Let no one despise your youth, but be an example to the believers in word, in conduct, in love, in spirit, in faith, in purity. 1 Timothy 4.12
Columbanus (d. 615) founded four monasteries, each of which became both a deeply spiritual community and a highly effective missionary training agency. Two of his monasteries were in Gaul, one in Switzerland, and one in northern Italy. In each he was careful to train new members in the essentials of Christian life and life in community with other believers.
His primary concern was that the monks who learned and served and were sent out by his monasteries to evangelize throughout Europe would be examples of godliness. He wrote in Sermon I: “Therefore seek the supreme wisdom, not by verbal debate, but by the perfection of a good life, not with the tongue but with the faith which issues from singleness of heart, not with that which is gathered from the guess of a learned irreligion. If then you seek the unutterable by discussion, He will fly further from you than He was; if you seek by faith, wisdom shall stand in her accustomed station at the gate, and where she dwells she shall at least in part be seen.”
God’s servants must work hard at knowing Him, not merely through the study of His Word, but by the example of lives devoted to holiness. This is a work of faith and requires us to seek the Lord Who is the Wisdom of God, and Who reveals Himself in His Word and through the creation. Columbanus insisted that those who came to him for training and ministry must be men from whom the example of Christ shone brightly.
We are accustomed, increasingly, to seeing pastors fall to one or another temptation of the flesh. They hurt more than their own ministries when they do. When pastors exemplify the wisdom of Christ through lives of holiness, love, and service, the words they preach will carry much more weight, and the lives they lead will show the true way of wisdom to the saints.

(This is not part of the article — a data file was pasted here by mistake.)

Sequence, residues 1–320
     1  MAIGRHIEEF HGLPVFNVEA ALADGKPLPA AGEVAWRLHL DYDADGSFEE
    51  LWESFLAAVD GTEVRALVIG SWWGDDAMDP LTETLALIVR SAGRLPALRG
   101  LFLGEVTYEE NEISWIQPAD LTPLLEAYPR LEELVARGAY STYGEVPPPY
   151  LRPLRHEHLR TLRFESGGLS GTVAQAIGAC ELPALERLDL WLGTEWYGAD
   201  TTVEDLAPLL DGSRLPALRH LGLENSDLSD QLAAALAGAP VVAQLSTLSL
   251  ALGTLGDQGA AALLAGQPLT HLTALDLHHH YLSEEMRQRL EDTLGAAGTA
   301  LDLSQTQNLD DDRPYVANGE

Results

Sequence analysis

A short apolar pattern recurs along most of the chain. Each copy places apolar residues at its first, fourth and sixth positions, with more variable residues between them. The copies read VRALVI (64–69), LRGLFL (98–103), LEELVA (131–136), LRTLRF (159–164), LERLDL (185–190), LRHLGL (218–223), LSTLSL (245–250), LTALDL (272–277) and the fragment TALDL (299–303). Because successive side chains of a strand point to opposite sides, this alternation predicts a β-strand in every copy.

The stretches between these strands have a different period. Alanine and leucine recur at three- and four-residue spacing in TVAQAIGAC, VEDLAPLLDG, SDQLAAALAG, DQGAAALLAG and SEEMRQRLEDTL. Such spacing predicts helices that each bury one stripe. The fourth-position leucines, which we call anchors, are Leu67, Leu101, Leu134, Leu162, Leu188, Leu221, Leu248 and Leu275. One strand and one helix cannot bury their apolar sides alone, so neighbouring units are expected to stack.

Columbanus understood this, and so must we.
Resources for revival
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From the Celtic Revival
Here’s an excerpt from a recent issue of Crosfigell, our twice-weekly teaching letter featuring insights from the writers of the Celtic Revival:
I entreat Thee by all those that had intelligence in the law of nature...
I entreat Thee by all those that had intelligence in the written law...
in the prophetic law...
in the law of the New Testament...
- Anonymous, Litany of Jesus I, Irish, 15th century, from an earlier ms.
Celtic Christians understood that God revealed Himself to us both in Scripture (the “written law”, the “prophetic law”, and “the law of the New Testament”) as well as in creation (“the law of nature”). Wise shepherds devoted themselves to increasing “intelligence” (understanding) of each of these sources. They looked both to God’s Word and His world to grow in knowledge and wisdom.
Is creation really a source of revelation? It is, indeed, as I argue in my book, Consider the Lilies: A Plea for Creational Theology. To order a free copy of this book, click here.
T. M. Moore.
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Except as indicated, Scripture taken from the New King James Version. © Copyright 1982 by Thomas Nelson, Inc. Used by permission. All rights reserved.
 Plummer, Litanies, p. 33.